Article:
CALCIUM AND MAGNESIUM AND STROKE PREVENTION
Calcium is needed for bone health, muscle strength, blood clotting and cell-to-cell transmission. Several studies have suggested, though have not proven, that elevated serum calcium levels increase risk of vascular disease. Knowing this, is it wise to continue to promote use of calcium supplementation to prevent osteoporosis?
Low levels of magnesium, by contrast, may increase stroke risk. Magnesium affects blood pressure and insulin function. Interestingly, certain genetic variants increase serum magnesium, but do they prevent stroke?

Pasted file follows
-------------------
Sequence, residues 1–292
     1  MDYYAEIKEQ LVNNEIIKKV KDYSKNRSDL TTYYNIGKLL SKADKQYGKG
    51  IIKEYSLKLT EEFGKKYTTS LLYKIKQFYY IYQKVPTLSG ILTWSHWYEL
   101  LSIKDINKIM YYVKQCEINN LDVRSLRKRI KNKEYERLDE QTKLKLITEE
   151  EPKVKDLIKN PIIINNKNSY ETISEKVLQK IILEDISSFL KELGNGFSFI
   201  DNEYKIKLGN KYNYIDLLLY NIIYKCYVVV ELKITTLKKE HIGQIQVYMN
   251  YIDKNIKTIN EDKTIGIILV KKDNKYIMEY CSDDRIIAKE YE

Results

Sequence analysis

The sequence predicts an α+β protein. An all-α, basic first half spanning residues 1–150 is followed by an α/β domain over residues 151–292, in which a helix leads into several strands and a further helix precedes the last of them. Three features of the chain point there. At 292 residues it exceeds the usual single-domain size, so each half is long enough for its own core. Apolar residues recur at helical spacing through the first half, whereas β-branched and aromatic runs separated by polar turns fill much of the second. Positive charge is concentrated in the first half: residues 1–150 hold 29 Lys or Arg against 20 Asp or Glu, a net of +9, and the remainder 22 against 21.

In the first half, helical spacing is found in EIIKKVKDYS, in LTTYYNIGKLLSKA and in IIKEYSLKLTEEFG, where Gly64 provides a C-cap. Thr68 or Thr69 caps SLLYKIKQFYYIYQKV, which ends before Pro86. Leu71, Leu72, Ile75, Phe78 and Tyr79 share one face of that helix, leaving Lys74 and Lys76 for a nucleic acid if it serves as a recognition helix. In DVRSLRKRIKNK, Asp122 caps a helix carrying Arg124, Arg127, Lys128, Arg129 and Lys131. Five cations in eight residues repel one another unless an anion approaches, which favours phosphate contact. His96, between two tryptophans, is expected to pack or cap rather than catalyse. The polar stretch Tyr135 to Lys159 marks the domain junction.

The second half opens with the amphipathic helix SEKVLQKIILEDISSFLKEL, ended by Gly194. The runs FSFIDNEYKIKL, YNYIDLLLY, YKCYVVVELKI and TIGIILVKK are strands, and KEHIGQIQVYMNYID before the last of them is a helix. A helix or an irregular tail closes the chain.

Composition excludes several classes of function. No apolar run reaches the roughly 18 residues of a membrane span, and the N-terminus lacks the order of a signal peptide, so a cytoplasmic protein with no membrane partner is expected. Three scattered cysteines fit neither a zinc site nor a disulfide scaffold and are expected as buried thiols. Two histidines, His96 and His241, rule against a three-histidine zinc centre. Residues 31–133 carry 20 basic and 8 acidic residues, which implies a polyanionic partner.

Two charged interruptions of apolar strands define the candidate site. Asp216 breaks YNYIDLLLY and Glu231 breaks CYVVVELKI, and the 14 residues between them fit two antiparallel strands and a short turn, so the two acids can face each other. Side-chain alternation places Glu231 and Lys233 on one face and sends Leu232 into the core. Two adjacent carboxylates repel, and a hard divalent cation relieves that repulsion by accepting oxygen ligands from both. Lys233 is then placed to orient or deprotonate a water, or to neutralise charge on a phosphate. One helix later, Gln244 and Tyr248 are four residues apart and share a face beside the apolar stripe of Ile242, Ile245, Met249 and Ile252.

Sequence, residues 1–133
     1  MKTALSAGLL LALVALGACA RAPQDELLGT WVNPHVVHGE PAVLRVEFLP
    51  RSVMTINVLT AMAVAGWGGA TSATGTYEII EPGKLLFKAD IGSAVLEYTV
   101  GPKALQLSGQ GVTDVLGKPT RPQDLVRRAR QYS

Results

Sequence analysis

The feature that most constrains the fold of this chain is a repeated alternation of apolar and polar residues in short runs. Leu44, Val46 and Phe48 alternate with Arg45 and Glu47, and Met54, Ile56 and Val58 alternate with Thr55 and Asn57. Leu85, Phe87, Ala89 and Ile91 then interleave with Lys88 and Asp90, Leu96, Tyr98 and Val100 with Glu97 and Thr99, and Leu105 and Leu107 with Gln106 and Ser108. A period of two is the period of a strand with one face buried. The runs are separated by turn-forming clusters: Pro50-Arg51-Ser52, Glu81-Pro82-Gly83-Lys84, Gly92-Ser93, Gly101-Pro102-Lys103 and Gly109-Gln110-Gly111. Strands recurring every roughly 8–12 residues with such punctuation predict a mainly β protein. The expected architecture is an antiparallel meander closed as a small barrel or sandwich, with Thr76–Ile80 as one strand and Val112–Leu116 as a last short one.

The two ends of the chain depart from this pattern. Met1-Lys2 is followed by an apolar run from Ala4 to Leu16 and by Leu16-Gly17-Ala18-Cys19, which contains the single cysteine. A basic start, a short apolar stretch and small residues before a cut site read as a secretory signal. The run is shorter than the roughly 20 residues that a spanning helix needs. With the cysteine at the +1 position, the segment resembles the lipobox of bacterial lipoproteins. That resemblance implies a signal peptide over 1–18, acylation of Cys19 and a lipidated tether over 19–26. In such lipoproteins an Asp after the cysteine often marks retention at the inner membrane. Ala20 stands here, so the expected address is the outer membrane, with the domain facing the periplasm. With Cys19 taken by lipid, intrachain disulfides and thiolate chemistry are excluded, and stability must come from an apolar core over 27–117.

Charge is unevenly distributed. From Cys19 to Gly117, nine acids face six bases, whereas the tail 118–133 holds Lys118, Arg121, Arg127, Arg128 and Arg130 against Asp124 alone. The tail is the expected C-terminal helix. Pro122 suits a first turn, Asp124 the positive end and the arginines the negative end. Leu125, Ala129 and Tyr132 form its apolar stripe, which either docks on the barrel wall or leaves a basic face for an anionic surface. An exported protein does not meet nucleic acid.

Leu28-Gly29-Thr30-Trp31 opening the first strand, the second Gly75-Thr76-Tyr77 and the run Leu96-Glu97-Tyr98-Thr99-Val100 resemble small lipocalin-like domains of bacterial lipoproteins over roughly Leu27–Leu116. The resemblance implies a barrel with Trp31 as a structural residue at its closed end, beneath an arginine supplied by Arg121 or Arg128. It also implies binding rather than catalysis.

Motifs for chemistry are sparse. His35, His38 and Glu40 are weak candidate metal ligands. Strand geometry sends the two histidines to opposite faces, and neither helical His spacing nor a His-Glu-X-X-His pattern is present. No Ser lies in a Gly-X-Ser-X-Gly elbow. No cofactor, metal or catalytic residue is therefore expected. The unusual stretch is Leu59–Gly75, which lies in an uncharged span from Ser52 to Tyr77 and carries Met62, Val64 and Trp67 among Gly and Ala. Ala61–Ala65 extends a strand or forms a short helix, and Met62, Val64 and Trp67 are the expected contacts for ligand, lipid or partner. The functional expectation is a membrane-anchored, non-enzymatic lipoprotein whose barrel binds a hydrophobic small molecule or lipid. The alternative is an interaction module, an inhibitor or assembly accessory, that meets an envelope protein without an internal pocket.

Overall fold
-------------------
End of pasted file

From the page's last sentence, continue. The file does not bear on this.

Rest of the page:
A new study by Larsson et al, published in Neurology 2019, attempted to answer this question. It showed convincingly that several genes that increase serum magnesium do indeed reduce stroke risk by up to 40%. This is probably cause-and-effect but is limited to strokes of cardiac origin, mainly from atrial fibrillation. It found no consistent evidence that higher calcium levels raised risks of any type of stroke.
Keep in mind that no study has shown that taking magnesium supplements reduces risk of stroke or heart disease. It seems reasonable to take calcium and magnesium. That is, until the next study comes along.